A time-based JACK program can synchronize with an external time source if the program in question is set to be a JACK Transport client and the external time source is running as the JACK Transport master. This article describes how I set up three example programs to be the JACK Transport master.
I clicked the J.MASTER button (to the right of the tempo selector). The button turned from gray to blue and the display panel to the right of it displayed Jack-Time-Master mode on.
Clicking Hydrogen’s play button started the JACK Transport client application.
Qtractor worked without any special configuration but there has to be a track either playing or recording in order to run its transport.
As with Hydrogen, clicking Qtractor’s play button started the JACK Transport client application.
In my test I created a MIDI track and started recording in order to keep the transport running.
Another option is to run the command-line metronome program klick like this:
$ klick -T 130
The -T option makes klick the JACK Transport master. The 130 in this example represents the tempo; set it as desired.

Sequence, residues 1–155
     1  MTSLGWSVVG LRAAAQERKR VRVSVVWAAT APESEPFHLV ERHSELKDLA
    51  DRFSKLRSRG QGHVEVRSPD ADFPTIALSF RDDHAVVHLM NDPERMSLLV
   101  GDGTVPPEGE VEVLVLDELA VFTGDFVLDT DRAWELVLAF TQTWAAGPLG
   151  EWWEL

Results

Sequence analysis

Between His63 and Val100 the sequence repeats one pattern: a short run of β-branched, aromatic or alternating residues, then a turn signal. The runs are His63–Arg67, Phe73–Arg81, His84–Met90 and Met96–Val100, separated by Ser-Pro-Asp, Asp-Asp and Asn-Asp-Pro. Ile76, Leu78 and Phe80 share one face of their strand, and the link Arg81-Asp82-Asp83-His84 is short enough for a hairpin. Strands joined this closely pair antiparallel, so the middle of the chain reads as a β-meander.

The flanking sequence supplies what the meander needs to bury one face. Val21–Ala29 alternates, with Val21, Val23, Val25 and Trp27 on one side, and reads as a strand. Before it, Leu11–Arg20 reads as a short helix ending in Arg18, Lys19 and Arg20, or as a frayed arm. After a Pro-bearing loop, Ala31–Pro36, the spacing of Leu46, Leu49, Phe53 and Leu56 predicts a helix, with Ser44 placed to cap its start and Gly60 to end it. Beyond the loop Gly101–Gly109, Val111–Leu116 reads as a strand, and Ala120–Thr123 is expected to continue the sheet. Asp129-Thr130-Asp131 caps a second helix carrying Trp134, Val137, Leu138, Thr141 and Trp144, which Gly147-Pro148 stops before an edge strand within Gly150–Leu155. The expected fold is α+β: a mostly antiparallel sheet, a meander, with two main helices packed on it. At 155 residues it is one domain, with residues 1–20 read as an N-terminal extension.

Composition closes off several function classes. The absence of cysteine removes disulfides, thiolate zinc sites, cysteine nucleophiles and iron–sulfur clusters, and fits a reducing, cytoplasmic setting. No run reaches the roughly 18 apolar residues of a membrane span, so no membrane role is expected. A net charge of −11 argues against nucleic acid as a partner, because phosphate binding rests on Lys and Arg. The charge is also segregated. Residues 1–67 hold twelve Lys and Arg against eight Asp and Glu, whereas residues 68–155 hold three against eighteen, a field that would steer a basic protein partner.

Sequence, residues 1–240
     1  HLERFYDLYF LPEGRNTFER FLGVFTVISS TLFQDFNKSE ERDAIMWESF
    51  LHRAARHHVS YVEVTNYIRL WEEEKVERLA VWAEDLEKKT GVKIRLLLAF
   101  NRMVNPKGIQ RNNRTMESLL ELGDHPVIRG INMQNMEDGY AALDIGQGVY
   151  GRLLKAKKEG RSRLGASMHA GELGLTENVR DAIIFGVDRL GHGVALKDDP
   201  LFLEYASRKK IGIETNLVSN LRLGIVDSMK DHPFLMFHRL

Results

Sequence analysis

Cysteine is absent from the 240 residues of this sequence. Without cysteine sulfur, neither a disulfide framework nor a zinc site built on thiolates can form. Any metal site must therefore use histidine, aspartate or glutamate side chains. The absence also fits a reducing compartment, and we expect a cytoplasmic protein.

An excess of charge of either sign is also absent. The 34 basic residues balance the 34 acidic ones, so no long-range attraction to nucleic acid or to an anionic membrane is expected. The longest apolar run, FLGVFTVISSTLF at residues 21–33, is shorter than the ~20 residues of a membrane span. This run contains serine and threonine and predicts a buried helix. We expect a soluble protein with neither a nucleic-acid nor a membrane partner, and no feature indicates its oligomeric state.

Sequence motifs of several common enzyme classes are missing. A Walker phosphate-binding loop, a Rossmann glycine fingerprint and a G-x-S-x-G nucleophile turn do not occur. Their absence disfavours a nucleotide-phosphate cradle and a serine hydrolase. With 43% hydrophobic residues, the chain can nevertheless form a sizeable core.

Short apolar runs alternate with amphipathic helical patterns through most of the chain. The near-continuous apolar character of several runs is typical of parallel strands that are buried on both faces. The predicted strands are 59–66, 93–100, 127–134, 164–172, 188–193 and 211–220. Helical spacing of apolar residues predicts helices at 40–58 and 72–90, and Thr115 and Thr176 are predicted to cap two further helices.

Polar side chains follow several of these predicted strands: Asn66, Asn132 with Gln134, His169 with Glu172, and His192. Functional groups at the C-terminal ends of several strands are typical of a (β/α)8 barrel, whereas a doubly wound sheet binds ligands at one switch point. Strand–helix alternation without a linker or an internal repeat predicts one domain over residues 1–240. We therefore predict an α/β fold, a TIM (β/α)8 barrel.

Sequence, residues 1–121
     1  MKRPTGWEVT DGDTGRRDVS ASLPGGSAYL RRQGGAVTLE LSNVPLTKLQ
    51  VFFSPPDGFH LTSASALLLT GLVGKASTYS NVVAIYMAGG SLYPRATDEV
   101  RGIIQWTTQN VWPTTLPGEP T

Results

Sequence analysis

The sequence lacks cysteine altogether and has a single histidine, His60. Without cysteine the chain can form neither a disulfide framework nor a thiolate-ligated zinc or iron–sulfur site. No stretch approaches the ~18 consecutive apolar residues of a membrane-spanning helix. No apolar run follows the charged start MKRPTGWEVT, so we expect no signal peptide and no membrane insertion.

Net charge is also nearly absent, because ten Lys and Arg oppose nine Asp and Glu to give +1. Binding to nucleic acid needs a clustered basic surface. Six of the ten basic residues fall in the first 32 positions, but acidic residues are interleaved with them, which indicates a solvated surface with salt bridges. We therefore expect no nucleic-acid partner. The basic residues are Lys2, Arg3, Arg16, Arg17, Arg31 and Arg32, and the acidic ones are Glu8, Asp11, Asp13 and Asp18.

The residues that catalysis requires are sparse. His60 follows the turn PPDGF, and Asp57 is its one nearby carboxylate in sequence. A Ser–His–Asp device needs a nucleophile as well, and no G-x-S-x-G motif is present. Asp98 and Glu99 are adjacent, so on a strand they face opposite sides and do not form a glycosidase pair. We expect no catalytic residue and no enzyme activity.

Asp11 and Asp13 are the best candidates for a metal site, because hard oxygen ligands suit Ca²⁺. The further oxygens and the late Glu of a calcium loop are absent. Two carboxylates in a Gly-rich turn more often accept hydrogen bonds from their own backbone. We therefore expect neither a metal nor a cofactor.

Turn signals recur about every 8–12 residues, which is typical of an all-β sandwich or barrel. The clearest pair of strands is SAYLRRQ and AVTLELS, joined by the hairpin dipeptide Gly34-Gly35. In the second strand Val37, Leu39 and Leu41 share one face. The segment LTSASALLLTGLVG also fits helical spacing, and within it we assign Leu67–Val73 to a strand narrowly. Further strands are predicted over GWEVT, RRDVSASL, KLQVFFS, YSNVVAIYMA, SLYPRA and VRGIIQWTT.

I then clicked the blue Play button on QjackCtl to start the clock running.
I pressed Ctrl-C in klick‘s terminal window to stop it.
klick doesn’t have a man page but it has online documentation.
Changing the Tempo
One might think that changing the tempo of the JACK Transport master application would smoothly change the tempo of the client. Unfortunately, that doesn’t appear to be the case. I tested this using Hydrogen as the master and QMidiArp as the client; QMidiArp changed tempo but it went out of sync with Hydrogen.
I didn’t test with any other clients or with Qtractor as the JACK Transport master.
Changing tempo isn’t applicable to klick as there doesn’t appear to be any way to change its tempo once it’s started as a JACK Transport master.